A1 Journal article (refereed)
Borrelia afzelii alters reproductive success in a rodent host (2018)

Cayol, C., Giermek, A., Gomez-Chamorro, A., Hytönen, J., Kallio, E., Mappes, T., Salo, J., Voordouw, M. J., & Koskela, E. (2018). Borrelia afzelii alters reproductive success in a rodent host. Proceedings of the Royal Society B : Biological Sciences, 285(1884), Article 20181056. https://doi.org/10.1098/rspb.2018.1056

JYU authors or editors

Publication details

All authors or editors: Cayol, Claire; Giermek, Anna; Gomez-Chamorro, Andrea; Hytönen, Jukka; Kallio, Eva; Mappes, Tapio; Salo, Jemiina; Voordouw, Maarten Jeroen; Koskela, Esa

Journal or series: Proceedings of the Royal Society B : Biological Sciences

ISSN: 0962-8452

eISSN: 1471-2954

Publication year: 2018

Volume: 285

Issue number: 1884

Article number: 20181056

Publisher: The Royal Society Publishing

Publication country: United Kingdom

Publication language: English

DOI: https://doi.org/10.1098/rspb.2018.1056

Research data link: http://urn.fi/URN:NBN:fi:jyu-201806133148

Publication open access: Not open

Publication channel open access:

Publication is parallel published (JYX): https://jyx.jyu.fi/handle/123456789/75265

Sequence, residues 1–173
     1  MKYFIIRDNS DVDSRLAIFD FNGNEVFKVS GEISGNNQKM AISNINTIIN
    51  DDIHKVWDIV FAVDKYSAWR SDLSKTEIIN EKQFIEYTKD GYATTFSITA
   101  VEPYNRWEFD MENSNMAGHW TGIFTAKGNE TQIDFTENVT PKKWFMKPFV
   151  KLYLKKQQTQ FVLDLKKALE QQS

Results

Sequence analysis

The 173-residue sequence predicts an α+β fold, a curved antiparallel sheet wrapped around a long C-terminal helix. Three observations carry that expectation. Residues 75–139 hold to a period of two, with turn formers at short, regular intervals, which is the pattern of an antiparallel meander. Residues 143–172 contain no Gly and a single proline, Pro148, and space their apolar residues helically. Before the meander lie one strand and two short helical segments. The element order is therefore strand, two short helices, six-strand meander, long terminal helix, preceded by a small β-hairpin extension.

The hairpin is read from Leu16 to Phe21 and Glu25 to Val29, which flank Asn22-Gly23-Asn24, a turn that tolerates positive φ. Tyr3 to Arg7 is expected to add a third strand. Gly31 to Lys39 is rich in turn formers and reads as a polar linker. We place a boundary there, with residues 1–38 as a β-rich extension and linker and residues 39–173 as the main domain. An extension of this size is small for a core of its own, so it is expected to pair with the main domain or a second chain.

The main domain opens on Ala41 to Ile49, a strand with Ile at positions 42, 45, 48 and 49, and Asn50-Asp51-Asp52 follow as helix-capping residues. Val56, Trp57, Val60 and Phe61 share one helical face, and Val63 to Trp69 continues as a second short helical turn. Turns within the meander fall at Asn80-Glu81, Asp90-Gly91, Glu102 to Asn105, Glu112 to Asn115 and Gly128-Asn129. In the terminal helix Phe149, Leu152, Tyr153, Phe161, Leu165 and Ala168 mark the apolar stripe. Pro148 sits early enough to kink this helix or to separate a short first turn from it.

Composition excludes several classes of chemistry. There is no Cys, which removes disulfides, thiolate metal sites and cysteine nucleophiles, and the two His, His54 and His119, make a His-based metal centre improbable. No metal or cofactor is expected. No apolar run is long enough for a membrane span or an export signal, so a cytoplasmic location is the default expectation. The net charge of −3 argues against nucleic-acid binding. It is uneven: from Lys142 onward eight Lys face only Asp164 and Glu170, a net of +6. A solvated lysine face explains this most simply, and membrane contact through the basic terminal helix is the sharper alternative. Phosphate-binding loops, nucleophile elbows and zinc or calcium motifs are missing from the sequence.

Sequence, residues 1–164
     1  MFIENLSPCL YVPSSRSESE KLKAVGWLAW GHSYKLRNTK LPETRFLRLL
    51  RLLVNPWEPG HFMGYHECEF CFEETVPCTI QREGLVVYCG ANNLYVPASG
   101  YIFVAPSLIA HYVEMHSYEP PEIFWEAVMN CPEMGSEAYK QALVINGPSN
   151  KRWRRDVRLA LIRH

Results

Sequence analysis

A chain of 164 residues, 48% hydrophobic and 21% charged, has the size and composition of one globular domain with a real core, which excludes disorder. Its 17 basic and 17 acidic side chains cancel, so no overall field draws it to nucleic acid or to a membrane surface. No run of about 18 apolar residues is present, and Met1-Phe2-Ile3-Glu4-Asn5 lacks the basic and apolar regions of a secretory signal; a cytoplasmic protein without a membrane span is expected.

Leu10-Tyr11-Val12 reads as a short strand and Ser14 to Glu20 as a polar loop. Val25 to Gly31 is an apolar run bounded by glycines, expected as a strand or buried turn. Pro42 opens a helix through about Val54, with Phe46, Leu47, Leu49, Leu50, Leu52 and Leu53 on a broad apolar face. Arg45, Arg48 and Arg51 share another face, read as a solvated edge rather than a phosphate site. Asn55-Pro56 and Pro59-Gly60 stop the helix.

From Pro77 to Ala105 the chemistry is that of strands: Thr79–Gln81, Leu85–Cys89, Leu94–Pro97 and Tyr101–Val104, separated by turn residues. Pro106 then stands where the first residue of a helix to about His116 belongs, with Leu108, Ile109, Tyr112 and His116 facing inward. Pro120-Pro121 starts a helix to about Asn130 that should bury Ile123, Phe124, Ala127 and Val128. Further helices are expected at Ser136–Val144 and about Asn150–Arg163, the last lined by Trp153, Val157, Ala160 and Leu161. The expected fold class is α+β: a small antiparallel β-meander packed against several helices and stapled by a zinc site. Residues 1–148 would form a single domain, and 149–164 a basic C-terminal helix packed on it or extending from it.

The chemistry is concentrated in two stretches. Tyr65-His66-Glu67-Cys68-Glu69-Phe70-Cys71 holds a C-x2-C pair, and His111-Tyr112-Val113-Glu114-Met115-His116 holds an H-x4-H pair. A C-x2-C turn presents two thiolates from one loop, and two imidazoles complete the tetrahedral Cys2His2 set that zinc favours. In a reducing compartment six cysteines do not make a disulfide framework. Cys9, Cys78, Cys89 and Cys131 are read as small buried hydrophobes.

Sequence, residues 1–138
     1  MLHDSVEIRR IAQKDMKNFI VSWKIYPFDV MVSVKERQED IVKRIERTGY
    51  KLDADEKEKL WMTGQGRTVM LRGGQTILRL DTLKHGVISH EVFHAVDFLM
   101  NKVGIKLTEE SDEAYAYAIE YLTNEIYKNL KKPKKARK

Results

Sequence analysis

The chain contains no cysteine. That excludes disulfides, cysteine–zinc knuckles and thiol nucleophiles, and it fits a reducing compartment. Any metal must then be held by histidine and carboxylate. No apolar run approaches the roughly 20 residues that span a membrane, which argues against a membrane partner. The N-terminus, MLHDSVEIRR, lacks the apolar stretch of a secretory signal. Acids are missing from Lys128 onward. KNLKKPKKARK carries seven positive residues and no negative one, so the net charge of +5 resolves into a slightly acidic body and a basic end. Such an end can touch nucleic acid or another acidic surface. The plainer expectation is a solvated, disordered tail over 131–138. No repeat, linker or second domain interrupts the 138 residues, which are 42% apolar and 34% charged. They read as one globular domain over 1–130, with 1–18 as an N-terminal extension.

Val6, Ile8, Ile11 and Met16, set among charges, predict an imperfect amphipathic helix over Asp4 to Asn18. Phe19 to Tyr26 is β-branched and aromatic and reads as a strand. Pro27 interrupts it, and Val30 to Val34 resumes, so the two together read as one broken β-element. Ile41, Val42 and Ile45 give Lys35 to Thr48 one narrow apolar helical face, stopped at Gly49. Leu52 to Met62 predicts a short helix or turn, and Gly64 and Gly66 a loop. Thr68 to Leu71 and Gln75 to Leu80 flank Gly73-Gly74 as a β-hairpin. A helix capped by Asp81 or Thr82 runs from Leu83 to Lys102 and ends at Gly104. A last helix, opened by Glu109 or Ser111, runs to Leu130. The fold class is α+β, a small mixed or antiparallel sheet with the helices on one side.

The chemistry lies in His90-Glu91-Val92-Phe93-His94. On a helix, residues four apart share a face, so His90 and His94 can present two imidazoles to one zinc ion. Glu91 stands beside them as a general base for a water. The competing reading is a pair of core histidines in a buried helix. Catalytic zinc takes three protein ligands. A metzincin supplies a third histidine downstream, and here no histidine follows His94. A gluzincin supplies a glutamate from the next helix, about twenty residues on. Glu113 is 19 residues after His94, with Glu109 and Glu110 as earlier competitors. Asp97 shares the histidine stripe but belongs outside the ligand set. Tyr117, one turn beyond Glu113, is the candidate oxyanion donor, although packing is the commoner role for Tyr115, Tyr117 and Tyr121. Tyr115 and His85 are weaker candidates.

Publication is parallel published: http://urn.fi/urn:nbn:fi-fe2018092536593


The impact of a pathogen on the fitness and behaviour of its natural host depends upon the host–parasite relationship in a given set of environmental conditions. Here, we experimentally investigated the effects of Borrelia afzelii, one of the aetiological agents of Lyme disease in humans, on the fitness of its natural rodent host, the bank vole (Myodes glareolus), in semi-natural conditions with two contrasting host population densities. Our results show that B. afzelii can modify the reproductive success and spacing behaviour of its rodent host, whereas host survival was not affected. Infection impaired the breeding probability of large bank voles. Reproduction was hastened in infected females without alteration of the offspring size at birth. At low density, infected males produced fewer offspring, fertilized fewer females and had lower mobility than uninfected individuals. Meanwhile, the infection did not affect the proportion of offspring produced or the proportion of mating partner in female bank voles. Our study is the first to show that B. afzelii infection alters the reproductive success of the natural host. The effects observed could reflect the sickness behaviour due to the infection or they could be a consequence of a manipulation of the host behaviour by the bacteria.

Keywords: Borrelia; host animals; Clethrionomys glareolus; reproduction (biology); zoonoses

Free keywords: Borrelia afzelii; fitness; host–pathogen interaction; Myodes glareolus; zoonosis; natural host

Contributing organizations

Related projects

Ministry reporting: Yes

Reporting Year: 2018

JUFO rating: 3

Last updated on 2023-10-01 at 14:33